INFLUENCE OF LOCAL TEMPERATURE CHANGES IN THE PREOPTIC AREA AND ROSTRAL HYPOTHALAMUS ON THE REGULATION OF FOOD AND WATER INTAKE.
UPPSALA UNIV (SWEDEN)
Pagination or Media Count:
Local cooling of the preoptic area and rostral hypothalamus was found to induce eating in the fed goat. When the same animal was dehydrated to the state of aphagia, cooling of this area inhibited the animals urge to drink and at the same time induced eating. Although in a normal goat feeding practically stops when the rectal temperature exceeds 40C APPLEMAN and DELOUCHE, 1958, local cooling of the preoptic area and the rostral hypothalamus was found to induce the goat to eat hay with a seemingly good appetite at body temperature above 41C. Warming the same area had the reverse effect. It inhibited eating in the previously hungry animal and at the same time induced the goat to drink large quantities of water. In another goat the preoptic heat loss centre had been permanently inactivated by proton irradiation. This animal became adipsic due to the lesion but was seen to continue to eat hay with a seemingly good appetite at body temperatures above 41C. The anorexic effect of warming the preoptic area thus does not seem to be due to a direct thermal effect on the hypothalamic appetite centre. The results provide direct evidence in favour of BROBECKs 1948 thermostatic theory of the regulation of food intake and justify the further extension of this theory to involve also the regulation of water intake. Author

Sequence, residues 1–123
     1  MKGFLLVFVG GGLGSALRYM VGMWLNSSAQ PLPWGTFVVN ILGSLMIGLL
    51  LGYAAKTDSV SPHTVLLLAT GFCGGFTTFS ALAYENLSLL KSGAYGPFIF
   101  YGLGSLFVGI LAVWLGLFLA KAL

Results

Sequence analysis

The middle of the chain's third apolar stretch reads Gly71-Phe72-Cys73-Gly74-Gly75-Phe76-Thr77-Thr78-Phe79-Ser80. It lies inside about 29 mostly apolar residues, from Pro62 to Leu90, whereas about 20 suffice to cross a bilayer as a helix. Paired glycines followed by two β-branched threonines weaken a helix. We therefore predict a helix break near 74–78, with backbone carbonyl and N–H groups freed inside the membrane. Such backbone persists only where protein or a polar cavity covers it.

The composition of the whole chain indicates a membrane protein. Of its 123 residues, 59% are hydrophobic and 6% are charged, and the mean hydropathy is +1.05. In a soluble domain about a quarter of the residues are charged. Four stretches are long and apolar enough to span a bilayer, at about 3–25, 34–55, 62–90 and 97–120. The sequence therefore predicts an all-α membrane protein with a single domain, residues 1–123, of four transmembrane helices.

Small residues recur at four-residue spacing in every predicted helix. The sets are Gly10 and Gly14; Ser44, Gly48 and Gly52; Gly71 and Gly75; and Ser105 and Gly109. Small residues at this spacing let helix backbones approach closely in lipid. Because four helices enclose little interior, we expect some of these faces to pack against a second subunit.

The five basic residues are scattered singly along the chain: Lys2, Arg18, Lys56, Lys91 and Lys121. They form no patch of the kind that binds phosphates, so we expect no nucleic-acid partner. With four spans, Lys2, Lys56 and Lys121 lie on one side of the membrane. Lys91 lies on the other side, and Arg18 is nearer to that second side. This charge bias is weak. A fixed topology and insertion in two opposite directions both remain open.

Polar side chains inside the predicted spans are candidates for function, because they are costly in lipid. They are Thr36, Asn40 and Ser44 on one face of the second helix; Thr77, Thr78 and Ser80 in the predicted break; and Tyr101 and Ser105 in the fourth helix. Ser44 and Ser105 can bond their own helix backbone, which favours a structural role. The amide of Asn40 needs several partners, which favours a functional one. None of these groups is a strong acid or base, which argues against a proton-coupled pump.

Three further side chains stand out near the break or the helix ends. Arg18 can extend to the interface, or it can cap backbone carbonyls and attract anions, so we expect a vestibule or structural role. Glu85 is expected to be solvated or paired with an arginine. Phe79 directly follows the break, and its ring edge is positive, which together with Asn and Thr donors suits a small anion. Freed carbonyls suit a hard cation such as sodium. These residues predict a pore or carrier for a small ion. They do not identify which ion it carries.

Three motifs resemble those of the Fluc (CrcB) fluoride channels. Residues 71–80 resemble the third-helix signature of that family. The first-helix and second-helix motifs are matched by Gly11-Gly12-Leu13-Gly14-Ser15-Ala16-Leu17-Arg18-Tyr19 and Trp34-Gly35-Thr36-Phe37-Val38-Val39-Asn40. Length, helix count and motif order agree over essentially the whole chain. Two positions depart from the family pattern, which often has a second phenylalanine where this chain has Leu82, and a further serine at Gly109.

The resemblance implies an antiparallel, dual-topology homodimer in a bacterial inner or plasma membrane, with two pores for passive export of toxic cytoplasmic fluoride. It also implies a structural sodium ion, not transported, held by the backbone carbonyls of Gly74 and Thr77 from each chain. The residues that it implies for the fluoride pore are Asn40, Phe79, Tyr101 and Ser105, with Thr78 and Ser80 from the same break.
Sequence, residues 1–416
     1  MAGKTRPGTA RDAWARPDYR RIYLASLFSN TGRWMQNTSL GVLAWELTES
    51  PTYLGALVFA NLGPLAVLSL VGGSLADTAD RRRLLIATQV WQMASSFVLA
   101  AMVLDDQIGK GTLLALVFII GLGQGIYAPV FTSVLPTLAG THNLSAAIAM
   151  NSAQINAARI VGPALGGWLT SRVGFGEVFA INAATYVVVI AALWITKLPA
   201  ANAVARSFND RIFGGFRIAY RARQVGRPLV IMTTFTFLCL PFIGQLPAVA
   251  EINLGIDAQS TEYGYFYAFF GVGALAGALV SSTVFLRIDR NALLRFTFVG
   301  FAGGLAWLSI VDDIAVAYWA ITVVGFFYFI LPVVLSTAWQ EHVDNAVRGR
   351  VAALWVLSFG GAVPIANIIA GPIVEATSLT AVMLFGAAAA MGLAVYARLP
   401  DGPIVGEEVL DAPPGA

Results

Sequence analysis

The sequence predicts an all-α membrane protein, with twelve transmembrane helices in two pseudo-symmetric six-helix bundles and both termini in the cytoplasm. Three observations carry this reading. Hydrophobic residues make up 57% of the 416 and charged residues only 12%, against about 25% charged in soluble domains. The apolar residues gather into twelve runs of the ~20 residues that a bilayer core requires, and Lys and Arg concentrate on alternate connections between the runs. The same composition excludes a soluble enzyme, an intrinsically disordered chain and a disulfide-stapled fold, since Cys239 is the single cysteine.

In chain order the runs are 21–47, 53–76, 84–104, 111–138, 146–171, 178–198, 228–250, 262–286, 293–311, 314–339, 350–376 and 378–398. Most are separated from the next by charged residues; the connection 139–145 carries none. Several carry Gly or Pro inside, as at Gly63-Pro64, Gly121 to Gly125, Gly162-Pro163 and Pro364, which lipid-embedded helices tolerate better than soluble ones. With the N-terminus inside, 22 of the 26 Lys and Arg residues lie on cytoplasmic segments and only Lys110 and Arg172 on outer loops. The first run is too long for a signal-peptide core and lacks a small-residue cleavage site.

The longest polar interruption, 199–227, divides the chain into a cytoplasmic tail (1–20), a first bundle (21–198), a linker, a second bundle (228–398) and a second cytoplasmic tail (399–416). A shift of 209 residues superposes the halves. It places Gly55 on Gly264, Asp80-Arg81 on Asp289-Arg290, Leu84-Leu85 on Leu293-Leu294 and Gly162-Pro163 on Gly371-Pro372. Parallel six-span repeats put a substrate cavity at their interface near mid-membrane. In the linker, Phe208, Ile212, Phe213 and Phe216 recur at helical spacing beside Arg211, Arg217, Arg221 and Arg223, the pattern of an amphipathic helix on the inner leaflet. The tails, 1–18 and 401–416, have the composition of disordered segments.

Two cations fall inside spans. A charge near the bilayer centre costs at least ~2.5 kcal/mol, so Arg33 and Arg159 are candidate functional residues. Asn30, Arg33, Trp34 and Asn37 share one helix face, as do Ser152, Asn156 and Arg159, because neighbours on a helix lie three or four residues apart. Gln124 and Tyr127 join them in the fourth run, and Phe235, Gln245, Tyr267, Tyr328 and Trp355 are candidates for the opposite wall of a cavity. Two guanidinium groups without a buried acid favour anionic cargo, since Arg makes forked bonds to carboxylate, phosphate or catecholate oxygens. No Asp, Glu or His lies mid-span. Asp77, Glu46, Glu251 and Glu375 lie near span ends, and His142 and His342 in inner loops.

- Anatomy and Physiology